Found September 03, 2012 on
The Rhino and Compass:
Most everyone I know delighted in the fact that Penn State lost to Ohio from the MAC on Saturday. Serves them right, was the chorus from people rightfully outraged by Penn State’s scandal. Most right minded people recognize that Jerry Sandusky was the original doer of evil, while Joe Paterno, the Penn State faculty and the pervasive religion of Penn State football made the scandal worse, and ruinous for the program.
Of course, the devotees to Penn State feel differently. They blame the victims for willfully complying with Sandusky’s twisted desires, and they blame the victims for inevitably undermining the Penn State program because they couldn’t keep their mouth shut. Don’t believe me? Here’s a sample of that approach to the situation from when the sanctions were handed down.
I don’t want the victims to suffer any more than they already have, and if those people still live in State College, they probably hear the disparaging things said about them. One solution to their personal strife that I could envision is that Penn State doesn’t miss a beat. The Nittany Lions win without Joe Paterno, proving that his deification was unjustified, and his sins are appropriately recognized by the fans of Penn State.
Of course, the idea behind the punishment that they so heartily received was to break the back of the program, to show to Penn State that the protection of innocent children is more important than a storied football program. While many people recognize failure in terms of wins and losses, acknowledging their performance on the field still gives the program relevance.
In my opinion, the most appropriate thing to do is completely ignore them. Penn State football doesn’t matter. Win or lose, they just don’t matter. There are more important things to worry about in State College.
BEST OF MAXIM
Penn State alumnus (and NFL Hall of Famer) Franco Harris brought a cardboard cutout of Joe Paterno to his luxury box at Beaver Stadium for Saturday's PSU football game against Ohio.
The Paterno cutout held a sign reading "Due Process for PSU JVP".
We understand Harris' loyalty to his college coach, and he's entitled to express his opinion, but the...
Former Penn State and NFL fullback Franco Harris was in attendance this past Saturday to watch the Bill O’Brien era debut to a thud when the Nittany Lions lost to Ohio 24-14 from Beaver Stadium.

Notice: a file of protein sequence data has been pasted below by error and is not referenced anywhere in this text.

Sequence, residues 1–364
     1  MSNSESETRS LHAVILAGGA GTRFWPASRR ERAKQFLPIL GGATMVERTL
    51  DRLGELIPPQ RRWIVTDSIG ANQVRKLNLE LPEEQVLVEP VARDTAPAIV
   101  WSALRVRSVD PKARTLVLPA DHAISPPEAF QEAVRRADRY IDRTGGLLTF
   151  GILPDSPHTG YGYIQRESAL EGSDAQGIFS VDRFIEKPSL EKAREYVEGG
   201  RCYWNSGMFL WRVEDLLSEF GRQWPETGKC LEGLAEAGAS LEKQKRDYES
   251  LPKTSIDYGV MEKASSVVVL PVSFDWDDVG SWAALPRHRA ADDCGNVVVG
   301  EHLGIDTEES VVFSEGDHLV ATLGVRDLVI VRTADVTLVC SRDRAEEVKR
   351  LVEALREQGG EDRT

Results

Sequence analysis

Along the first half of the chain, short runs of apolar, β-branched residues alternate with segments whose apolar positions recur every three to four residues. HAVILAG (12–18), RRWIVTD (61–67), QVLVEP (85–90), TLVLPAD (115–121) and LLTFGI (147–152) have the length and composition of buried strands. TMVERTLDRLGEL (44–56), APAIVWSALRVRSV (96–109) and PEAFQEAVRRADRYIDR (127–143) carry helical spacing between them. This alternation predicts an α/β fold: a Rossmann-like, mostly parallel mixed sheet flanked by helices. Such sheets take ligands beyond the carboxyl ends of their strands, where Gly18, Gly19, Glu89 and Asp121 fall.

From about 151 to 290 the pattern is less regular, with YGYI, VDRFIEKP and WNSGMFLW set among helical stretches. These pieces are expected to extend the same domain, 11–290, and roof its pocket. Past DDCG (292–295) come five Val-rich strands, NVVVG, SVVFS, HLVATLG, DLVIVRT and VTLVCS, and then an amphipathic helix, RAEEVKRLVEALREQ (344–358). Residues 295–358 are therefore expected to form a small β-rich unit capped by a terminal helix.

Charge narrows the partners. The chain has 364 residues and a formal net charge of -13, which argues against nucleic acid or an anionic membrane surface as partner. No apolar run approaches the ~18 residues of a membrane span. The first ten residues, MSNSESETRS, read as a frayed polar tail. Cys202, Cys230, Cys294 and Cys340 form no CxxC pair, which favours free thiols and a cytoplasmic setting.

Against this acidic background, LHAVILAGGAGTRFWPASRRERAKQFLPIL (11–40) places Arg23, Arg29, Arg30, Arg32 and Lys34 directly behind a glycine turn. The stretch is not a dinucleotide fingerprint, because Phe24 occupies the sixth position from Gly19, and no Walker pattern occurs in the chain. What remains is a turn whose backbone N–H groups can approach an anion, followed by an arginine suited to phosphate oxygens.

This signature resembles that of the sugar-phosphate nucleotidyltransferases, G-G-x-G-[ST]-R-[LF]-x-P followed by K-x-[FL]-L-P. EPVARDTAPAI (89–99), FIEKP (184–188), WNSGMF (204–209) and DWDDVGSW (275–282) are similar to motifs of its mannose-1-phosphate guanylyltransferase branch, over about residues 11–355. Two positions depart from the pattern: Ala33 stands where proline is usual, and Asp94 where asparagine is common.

Harris was in attendance with Sue Harris, Joe Paterno’s widow, conservative talk show host John Ziegler and a cardboard cutout of the late Penn State head coach which read “due process...
The guy on the left is a conservative talk show host named John Ziegler. The guy on the right looking like a slob is Steelers legend Franco Harris. Both men think Joe Paterno was unjustly treated by the NCAA. Ziegler, once fired from a sportscasting job for on O.J. Simpson joke, is from Pennsylvania and ended up in the Harris box at today’s Ohio U. game.
For some reason both men...
A lot of eyes were focused State College, Pennsylvania and Penn State on Saturday, as the Nittany Lions opened the team’s first season in nearly 50 years without Joe Paterno as head coach.
Even more though than the absence of Paterno, most want to know how the school would fare under the weight of some of the most serious sanctions ever levied against a major college football program...
Sprawled out in the Ohio end zone, grasping for something well beyond his reach, safety Jacob Fagnano’s posture as the game-clinching Ohio Bobcat TD was scored felt like a fitting end to the first game of the post-Paterno era at Penn State.
Fitting because Fagnano hailed from the defensive side of the ball. Everyone expected a steep learning curve on offense—especially due to...
Penn State's costs for legal fees, consultants and public relations firms hired to help deal with the Jerry Sandusky child sex abuse scandal have reached nearly $17 million.
The university said it has spent almost $16.8 million through June 30.
Nearly $10 million of that went to seven firms for what Penn State calls internal investigation and crisis communications. Nearly ...
Penn State’s 24-14 loss to Ohio Saturday has spawned lots of comments and opinions on how this team is “fragile” and that it “ran out of gas” in the fourth quarter.
I don’t buy it.
That may be the case later in the season, but I don’t believe that was the case against the Bobcats.
Look, all we heard about all spring and summer was how much better this new strength...
Penn State landed a commitment on Tuesday, going to California to pick up a pledge from 2013 forward Payton Banks.
Randolph (N.J.) High offensive tackle and Penn State commit Brendan Mahon returned to Happy Valley for the season opener against Ohio. And although the Nittany Lions lost, he was thrilled to be back to watch football.
Starting quarterback was one of many Penn State players who struggled in the second half vs. Ohio at Beaver Stadium.
A roundup of some of the recruits of note who were on hand when Penn State opened the 2012 season against the Bobcats at Beaver Stadium.